An inquiry about “Alexandra,” however, was not forthcoming. “Tower,” Mother Julian murmured. “Would you be Master Tower’s wife, then? The prison’s new governor?”
“Yes, yes, ma’am.”
“Ah. Your husband has said so much about you,” she nodded.
Sandra gasped, unable to quite comprehend the relief that flooded through her at this, at any hint of familiarity. “You know my husband?”
“Aye. Father Hugh and I flipped for it, and I’ve had the prison ministries added to my docket,” Mother Julian chuckled. “I apologize for not having sought you out sooner, my dear. Your husband did ask me to speak with you, but generally, by the time I’m done with the prisoners, I need to get back here.” Probably observing Sandra’s crestfallen face, she added, “Oh, I am sorry, though. Was there something you really needed to talk about? Master Tower should have said so; I’d have made time for you when I was there, instead of making you come all the way here with a little one.”
“No, no! That is …” She bit her lip. “I didn’t ask Christopher to speak with you, or anything like that.”
Mother Julian said nothing; she only raised her eyebrows.
“I … I didn’t think he knew I was unhappy,” she whispered.
“Now, why would you think your husband wouldn’t know that? He seems very fond of you, and rather worried about you. He would notice if you were sad.”
Sandra gasped — no scolding, no demands as to why she was unhappy! She pinched the skin on the inside of her arm, to make sure she wasn’t dreaming. Mother Mary-Sue, back home, would have surely scolded her. She had no right to be unhappy when she was so blessed.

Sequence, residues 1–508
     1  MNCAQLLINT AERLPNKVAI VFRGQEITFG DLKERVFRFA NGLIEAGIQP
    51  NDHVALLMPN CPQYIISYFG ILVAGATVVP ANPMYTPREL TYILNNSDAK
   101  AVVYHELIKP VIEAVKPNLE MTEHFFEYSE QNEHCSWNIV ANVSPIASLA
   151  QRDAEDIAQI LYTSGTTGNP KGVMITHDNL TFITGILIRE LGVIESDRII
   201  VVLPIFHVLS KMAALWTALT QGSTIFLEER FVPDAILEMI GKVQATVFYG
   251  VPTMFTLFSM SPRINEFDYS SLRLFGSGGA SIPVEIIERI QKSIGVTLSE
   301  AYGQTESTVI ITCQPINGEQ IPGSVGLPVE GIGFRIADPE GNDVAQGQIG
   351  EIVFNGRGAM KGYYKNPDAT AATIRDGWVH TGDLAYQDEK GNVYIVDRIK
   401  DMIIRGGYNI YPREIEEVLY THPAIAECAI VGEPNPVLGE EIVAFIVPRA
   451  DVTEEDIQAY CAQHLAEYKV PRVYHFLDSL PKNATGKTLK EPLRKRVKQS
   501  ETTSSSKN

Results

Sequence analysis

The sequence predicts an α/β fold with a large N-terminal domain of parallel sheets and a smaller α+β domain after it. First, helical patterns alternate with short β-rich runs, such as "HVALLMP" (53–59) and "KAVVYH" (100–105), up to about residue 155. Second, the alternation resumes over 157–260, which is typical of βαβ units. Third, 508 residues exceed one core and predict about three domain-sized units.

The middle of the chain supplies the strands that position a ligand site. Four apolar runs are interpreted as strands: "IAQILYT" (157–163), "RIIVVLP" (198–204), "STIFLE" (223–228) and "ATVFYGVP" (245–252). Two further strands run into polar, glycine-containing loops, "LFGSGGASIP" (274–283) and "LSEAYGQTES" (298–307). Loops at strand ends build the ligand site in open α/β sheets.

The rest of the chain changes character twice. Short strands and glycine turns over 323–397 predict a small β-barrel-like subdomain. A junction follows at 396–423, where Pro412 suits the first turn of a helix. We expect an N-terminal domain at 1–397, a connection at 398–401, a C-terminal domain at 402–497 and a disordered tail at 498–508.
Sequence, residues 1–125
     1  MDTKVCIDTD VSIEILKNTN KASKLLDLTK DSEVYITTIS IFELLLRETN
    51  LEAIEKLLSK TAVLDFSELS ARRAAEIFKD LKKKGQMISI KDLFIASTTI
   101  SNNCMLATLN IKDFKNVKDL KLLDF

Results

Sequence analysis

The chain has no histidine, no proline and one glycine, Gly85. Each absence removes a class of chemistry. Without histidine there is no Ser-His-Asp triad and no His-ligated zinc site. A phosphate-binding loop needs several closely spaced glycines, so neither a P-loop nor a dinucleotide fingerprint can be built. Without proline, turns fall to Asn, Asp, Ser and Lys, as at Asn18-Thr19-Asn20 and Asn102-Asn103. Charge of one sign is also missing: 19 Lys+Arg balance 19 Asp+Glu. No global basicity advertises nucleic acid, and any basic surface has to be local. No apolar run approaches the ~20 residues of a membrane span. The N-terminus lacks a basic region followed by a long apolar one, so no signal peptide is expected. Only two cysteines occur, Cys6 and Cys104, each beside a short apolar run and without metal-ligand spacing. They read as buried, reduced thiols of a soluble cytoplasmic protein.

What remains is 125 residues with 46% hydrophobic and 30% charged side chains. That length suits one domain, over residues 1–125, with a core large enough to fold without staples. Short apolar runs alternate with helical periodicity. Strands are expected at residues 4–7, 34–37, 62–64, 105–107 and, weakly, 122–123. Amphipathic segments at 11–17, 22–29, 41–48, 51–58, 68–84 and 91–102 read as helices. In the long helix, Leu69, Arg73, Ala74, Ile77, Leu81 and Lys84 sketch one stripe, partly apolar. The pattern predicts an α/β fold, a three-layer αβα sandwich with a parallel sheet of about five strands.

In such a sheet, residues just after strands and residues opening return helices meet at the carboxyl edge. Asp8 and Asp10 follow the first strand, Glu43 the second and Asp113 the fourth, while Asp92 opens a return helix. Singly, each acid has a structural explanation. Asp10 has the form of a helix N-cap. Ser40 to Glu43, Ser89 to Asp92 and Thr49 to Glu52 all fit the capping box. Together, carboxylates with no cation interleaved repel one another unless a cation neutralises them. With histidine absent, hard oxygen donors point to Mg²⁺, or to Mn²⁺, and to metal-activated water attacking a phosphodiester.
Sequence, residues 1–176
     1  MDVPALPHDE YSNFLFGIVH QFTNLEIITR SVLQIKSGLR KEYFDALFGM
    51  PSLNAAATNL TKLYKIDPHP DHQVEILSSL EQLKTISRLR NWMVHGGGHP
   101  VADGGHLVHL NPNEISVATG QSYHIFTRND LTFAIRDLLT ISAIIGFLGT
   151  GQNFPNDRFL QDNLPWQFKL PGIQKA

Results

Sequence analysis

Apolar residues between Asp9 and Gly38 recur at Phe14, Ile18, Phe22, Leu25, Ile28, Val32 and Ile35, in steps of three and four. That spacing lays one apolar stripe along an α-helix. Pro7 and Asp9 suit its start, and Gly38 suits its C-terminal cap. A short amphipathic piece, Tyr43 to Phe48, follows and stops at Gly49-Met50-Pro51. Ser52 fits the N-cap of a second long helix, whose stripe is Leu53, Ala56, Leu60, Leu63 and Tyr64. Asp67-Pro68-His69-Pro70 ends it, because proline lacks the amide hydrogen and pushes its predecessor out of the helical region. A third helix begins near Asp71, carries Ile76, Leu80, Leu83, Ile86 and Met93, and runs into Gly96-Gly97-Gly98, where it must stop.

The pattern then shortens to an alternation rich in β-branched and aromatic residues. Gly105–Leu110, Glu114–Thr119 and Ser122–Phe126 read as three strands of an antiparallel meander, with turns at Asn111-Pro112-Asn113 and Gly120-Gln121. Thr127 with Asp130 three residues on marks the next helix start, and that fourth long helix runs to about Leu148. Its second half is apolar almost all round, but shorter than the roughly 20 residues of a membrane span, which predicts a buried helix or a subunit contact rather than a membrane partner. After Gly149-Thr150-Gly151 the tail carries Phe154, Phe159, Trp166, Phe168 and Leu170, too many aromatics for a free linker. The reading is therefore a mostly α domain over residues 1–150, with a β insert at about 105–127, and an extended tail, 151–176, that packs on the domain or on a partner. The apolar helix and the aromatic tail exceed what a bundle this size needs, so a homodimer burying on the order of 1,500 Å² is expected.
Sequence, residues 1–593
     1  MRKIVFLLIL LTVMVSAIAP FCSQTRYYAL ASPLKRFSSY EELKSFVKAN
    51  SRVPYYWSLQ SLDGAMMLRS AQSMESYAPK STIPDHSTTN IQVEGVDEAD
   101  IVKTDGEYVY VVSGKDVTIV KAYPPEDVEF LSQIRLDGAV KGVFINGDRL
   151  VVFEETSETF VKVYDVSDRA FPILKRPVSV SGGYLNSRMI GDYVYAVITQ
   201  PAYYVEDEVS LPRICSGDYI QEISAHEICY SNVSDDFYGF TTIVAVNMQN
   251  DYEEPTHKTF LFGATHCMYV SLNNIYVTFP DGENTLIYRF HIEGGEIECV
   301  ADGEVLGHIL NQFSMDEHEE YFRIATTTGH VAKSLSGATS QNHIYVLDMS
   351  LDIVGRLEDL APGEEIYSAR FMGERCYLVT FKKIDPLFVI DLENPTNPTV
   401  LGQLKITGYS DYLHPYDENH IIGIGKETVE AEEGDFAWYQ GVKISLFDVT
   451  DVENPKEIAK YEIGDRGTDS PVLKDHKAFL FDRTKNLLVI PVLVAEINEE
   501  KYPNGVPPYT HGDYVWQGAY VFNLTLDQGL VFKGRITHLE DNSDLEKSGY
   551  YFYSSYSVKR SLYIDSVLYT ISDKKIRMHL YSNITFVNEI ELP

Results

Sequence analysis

She swallowed. “I didn’t want him to know. I was trying to hide it.”
“Why is that?”
“I don’t want to seem ungrateful …”
Mother Julian only raised her eyebrows, inviting Sandra to continue.
“He — he didn’t have to marry me, you know,” she said. “When — when he first met me. When he began courting me. I was only an orphan girl hired out to him as a maid in the daytimes. If he’d wanted me, he could have had me, willing or unwilling, and nobody would have thought the worse of him for it.”
“Other than the Lord Wright,” Mother Julian remarked in a tone that, had she not been a nun, Sandra would have called sarcastic.
“Well, of course …” Sandra made the sign of the plumbbob over herself out of habit. “But — but socially, I mean. He didn’t have to do that. He was the Warden of Tower Prison! That’s — that’s practically nobility! Me, I’m a nobody.”